Dr Javier Pérez Sandoval
Course aims and objectives
This course explores the economic trajectory of Latin America along with the main challenges faced by the region from a historical and comparative perspective. In doing so, we use concepts and theories from economics, political economy and development studies, to discuss how policy and economic models have changed in Latin American polities over the last century. More specifically, we look at how the political economy of the region has been modified by external shocks and internal factors, paying particular attention at how the former have influenced the latter. While the course is centred around the overall regional patterns and trends, we do consider the differences and commonalities between individual country-cases.
Our central goal is to understand why the region has historically struggled to achieve structural change and reduce inequalities, discussing how these and other challenges continue to hamper development across the region. We will adopt a comparative historical approach, studying the main economic models that have been implemented in the region since the start of the twentieth century and assessing their impact on economic growth and inequalities. To conduct our discussions, we will adopt a political economy framework, which emphasises the interplay between the state, economic actors and economic structure.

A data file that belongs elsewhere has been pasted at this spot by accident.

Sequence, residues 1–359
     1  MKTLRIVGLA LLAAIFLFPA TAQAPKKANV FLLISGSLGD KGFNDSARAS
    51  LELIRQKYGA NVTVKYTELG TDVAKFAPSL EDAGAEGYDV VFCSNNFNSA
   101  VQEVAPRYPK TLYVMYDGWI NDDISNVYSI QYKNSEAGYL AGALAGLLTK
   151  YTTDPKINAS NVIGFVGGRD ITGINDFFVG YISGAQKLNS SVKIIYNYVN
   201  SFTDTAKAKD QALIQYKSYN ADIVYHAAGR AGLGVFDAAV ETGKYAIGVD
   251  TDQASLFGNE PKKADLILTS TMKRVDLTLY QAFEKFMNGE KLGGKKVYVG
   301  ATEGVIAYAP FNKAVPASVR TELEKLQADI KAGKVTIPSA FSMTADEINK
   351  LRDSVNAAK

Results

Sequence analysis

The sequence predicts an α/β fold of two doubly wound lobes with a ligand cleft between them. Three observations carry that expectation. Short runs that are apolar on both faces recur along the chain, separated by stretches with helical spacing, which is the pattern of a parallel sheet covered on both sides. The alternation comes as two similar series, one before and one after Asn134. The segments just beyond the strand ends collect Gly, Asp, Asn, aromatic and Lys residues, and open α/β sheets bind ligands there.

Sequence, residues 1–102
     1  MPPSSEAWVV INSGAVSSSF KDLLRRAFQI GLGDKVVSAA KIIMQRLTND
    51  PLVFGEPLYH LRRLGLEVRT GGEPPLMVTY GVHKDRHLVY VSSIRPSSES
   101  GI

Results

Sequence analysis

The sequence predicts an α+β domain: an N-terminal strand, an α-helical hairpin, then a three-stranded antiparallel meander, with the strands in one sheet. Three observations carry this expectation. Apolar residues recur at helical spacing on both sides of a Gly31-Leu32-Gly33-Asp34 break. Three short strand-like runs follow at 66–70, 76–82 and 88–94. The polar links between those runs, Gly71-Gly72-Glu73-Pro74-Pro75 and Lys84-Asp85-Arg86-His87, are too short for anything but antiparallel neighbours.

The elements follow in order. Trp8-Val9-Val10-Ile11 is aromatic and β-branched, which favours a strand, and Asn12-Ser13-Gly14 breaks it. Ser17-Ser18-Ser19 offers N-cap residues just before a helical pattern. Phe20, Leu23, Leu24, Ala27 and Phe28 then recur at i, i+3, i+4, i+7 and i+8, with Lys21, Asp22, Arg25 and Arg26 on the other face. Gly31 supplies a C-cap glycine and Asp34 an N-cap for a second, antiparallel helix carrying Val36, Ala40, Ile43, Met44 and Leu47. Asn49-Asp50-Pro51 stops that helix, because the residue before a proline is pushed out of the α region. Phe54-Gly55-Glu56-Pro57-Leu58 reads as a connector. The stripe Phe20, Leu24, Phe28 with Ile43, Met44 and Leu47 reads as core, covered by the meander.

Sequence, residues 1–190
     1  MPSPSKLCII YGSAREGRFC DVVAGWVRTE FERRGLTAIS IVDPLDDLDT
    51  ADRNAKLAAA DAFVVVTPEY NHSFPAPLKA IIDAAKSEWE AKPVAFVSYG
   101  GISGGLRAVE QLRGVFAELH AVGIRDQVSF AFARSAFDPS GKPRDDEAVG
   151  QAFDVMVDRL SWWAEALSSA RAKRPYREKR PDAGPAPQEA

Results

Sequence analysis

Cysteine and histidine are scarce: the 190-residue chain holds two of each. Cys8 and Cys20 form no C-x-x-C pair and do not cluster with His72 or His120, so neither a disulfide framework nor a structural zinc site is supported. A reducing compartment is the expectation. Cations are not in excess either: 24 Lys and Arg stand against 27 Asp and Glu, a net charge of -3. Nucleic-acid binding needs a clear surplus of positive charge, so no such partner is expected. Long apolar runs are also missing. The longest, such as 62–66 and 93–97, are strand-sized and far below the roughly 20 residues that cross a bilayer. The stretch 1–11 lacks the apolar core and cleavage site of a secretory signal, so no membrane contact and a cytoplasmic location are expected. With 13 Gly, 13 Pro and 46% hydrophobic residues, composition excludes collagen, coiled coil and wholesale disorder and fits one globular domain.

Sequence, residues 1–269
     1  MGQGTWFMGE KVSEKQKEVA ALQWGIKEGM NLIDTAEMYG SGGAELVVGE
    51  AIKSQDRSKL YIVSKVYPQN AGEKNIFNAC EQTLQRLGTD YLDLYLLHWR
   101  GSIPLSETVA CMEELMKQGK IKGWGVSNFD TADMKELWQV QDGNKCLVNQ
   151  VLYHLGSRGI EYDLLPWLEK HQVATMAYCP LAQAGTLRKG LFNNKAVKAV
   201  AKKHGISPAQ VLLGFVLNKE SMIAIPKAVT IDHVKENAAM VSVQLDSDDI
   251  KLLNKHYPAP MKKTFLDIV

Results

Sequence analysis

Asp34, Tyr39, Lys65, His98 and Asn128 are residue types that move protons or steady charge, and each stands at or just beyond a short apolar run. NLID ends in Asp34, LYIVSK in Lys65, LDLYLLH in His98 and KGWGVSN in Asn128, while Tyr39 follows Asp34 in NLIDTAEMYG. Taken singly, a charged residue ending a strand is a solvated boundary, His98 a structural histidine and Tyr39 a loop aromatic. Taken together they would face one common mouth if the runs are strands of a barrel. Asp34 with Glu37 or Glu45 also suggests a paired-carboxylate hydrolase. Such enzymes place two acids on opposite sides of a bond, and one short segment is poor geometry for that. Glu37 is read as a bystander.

This course is intended and designed for those interested in the political economy of the social and economic development of Latin America. It is primarily directed towards individuals registered for either the M.Sc. or the M.Phil in Latin American Studies, as well as towards the M.Phil in Development Studies postgraduate readers. Other graduate students are welcome to audit the class, as long as they send the course provider a request via email in advance.
A basic understanding of economic concepts is desirable but not required. A selection of special readings on economic and development concepts will be available upon request.
Essays and Tutorials: Students taking the Economics paper can expect to write at least two essay and undertake other individual and group activities. The essays will be around 2,500 words and the questions and reading list should be agreed in advance. The essays will be discussed in a bi-weekly group tutorial (time and day to be agreed). There may be other written assignments during term.
The course is taught in Hilary Term. Students will prepare for each class through a combination of core readings and other suggested material. These will be discussed in a two-hour seminar. Each student will also be expected to attend a group tutorial. Students should expect to spend around 12 hours per week in the course.
An online open-book examination in Trinity Term. Students will be given the exam paper two days before the due date for submission (Weeks 6-8 of Trinity Term). Candidates will answer three questions per paper out of a possible ten to twelve options.